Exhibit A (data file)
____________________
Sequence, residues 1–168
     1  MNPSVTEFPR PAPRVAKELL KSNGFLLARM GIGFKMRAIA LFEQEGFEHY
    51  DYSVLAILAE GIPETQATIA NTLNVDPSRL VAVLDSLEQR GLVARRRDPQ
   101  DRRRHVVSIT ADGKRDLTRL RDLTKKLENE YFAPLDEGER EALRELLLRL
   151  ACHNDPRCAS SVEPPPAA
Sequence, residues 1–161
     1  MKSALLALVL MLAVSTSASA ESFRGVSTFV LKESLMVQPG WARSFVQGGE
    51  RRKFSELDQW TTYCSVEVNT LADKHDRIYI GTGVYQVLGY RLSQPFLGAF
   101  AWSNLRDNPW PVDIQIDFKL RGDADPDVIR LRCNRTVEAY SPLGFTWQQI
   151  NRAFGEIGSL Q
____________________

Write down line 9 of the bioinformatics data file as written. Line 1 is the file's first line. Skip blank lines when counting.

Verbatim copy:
   101  AWSNLRDNPW PVDIQIDFKL RGDADPDVIR LRCNRTVEAY SPLGFTWQQI